Poke your head into most data centers today and you’re bound to notice a distinct gender gap. While women still represent only a fraction of IT workers today, some experts believe that cloud computing will offer the wedge in the door that women need to equalize staffing numbers.
“Cloud computing presents an opportunity for women who are not as heavily focused on the architectural design, and how bits and bytes move through the organization,” says JJ DiGeronimo, a veteran of IT and director of global cloud solutions at VMware. “We’ll still need women who are technical, but cloud provides the chance to also champion ideas and work cross-functionally to define how IT is delivered to business.” Skills, she believes, are a strong suit of many women.
The U.S. Department of Labor predicts that by 2020 there will be nearly 1.4 million computing and IT jobs available – what should be a golden opportunity for women to fill out IT’s ranks.
Yet, according to a 2010 report published by the
The picture is not any rosier if you look at education. Women comprised fewer than 20 percent of 2011 PhD graduates in computer science, computer engineering and information science, according to Computing Research Association’s “Computing Degree and Enrollment Trends” report. Only slightly better, 30 percent of master’s degree recipients in the same subjects were women. Worst of all, less than 13 percent of bachelor’s degrees were awarded to women.
So how will women be able to capitalize on the high growth rate in the technology sector – 22 percent – predicted by the Labor Department? All signs point away from the data center and into the cloud.
Gartner found in its 2011 CIO Agenda Survey that although, at the time, only three percent of CIO respondents had a majority of their infrastructure in the cloud, the number was expected to climb to 43 percent by 2015. Survey participants also cited cloud computing as their top technology priority.
At State Street Corp., cloud is definitely the betted-on technology horse and Lauren Savage, senior vice president for IT Strategy and Governance, sees women like herself being offered the chance to take the reins.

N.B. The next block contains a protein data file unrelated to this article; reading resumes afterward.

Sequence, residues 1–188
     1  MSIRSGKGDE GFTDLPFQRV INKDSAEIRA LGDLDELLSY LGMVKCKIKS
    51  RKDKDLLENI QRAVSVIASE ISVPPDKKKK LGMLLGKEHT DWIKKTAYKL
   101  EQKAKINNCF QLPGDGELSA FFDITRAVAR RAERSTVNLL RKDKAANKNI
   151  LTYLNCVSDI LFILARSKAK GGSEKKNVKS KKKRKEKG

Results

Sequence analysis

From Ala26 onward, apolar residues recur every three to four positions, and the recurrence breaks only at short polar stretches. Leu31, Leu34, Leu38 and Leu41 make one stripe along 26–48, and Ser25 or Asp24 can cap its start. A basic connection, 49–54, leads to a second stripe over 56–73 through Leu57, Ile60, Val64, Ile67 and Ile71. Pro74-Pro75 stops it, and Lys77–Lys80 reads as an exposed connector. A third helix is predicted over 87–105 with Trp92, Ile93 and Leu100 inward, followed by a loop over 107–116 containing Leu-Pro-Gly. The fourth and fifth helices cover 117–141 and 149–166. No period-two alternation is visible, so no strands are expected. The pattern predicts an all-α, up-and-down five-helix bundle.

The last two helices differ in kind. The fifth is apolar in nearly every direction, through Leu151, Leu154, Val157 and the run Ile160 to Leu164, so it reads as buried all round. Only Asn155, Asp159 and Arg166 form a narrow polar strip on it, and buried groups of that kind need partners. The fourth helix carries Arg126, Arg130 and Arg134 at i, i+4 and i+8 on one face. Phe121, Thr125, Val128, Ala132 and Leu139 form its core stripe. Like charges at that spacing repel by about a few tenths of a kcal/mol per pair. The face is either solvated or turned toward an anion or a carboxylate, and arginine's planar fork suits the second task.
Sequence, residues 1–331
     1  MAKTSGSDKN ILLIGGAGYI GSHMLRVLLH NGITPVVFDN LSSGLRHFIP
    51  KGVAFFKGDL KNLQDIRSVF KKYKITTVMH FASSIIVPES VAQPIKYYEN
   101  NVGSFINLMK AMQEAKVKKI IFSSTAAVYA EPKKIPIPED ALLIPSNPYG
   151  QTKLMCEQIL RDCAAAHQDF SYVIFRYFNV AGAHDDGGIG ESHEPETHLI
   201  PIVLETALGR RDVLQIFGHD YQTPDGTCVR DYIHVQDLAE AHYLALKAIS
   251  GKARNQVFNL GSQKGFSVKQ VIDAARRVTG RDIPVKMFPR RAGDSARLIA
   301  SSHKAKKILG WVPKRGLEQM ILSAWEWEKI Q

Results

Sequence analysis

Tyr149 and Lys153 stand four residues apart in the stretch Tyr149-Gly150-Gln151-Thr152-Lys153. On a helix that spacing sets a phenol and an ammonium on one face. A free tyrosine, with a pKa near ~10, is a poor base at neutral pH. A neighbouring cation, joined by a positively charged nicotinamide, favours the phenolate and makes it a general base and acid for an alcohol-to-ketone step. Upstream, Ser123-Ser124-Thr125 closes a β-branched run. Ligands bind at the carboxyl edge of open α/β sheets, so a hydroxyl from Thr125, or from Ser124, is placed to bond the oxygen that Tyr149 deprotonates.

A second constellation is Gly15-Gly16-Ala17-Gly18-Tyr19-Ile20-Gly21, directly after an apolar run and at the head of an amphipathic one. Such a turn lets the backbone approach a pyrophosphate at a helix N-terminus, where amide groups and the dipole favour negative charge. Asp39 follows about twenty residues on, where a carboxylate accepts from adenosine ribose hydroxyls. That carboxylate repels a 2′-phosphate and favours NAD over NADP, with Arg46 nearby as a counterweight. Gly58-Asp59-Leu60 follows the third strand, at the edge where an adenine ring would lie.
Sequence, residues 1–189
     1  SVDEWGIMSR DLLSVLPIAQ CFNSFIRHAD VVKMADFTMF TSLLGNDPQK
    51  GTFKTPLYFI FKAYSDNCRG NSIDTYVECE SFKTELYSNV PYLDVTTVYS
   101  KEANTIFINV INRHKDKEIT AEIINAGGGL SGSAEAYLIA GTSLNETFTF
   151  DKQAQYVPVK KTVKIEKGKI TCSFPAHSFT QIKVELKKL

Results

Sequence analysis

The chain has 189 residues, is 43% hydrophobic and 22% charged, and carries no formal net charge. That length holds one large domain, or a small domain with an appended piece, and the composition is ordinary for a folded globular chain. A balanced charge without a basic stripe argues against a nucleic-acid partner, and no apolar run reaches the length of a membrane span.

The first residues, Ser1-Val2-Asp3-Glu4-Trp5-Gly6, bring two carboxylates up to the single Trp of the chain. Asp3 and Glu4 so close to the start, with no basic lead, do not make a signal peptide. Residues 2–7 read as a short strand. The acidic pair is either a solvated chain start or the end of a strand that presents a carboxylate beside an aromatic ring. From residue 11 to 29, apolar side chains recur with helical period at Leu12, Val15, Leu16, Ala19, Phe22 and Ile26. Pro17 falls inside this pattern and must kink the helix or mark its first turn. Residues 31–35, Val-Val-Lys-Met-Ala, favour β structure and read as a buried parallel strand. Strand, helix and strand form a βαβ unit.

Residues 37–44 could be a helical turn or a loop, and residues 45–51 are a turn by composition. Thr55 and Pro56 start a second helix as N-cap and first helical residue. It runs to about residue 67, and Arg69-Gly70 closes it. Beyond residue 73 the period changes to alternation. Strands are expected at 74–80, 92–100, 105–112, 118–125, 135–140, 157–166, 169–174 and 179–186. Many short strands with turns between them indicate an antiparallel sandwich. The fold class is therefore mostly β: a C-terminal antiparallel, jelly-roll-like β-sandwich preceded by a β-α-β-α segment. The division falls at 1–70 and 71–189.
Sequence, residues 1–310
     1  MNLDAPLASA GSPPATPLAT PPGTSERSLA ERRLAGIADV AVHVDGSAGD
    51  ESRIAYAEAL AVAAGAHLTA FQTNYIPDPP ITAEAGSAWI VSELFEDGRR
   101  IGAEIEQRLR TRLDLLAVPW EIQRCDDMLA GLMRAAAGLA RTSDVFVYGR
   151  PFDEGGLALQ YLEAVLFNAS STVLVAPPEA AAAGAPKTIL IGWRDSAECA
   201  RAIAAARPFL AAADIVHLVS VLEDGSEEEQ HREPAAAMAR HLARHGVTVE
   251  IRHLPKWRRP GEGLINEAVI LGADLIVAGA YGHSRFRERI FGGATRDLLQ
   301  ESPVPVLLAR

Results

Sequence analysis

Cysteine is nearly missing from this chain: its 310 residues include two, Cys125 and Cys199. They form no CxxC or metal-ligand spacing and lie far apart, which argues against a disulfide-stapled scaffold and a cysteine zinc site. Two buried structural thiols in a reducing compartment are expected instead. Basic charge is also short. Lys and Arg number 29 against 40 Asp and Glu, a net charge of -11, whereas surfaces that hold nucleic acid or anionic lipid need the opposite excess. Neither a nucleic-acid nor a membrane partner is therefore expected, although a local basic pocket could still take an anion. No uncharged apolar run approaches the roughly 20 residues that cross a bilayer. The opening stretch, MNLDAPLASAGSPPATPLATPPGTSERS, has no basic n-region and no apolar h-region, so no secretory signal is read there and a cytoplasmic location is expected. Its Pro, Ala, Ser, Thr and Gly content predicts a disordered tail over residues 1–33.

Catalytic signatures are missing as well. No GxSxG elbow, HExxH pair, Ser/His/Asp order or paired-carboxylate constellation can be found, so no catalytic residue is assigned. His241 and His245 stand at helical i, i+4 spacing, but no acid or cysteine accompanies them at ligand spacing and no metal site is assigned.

Savage, along with several of her female executive peers, has been instrumental in helping State Street realign its business and create a new platform that utilizes the benefits of private cloud architecture, virtualization and virtual desktops.
She credits both the changing nature of traditional IT and the characteristics of the cloud, such as a heavy influence on collaboration and project management, for women’s increased interest. “Women are definitely becoming more attracted to IT because they see IT becoming a critical function to business performance,” Savage says. “IT is now less about keeping the lights on in the server room, and more about being creative and adding value to the business.”
Women, in her opinion, are excellent problem solvers who can attack the main problem that a lot of companies are facing with the cloud: How to handle data. “Cloud allows us to aggregate and proliferate data, but we have to determine what data is important and how to manage it in a way that makes it an important asset,” Savage says.
Thomas Koulopoulos, CEO of Delphi Group and author of “Cloud Surfing”, thinks women are pulled to the cloud not only because of its reach into business, but its indiscriminant nature. “Cloud provides greater flexibility into how we integrate people into the process. For instance, a stay-at-home mother can manage the cloud just as well as an in-house worker,” he says. “Most businesses just want the greater skill set – technology and innovation -- and that levels the playing field.”
Cloud is certainly sparking interest among the 55,000 members of HP’s largest user community, Connect, according to Executive Director and COO Kristi Elizondo. “Cloud is offering women a better way to simultaneously balance family life with work and capitalize on growing technology opportunities,” she says.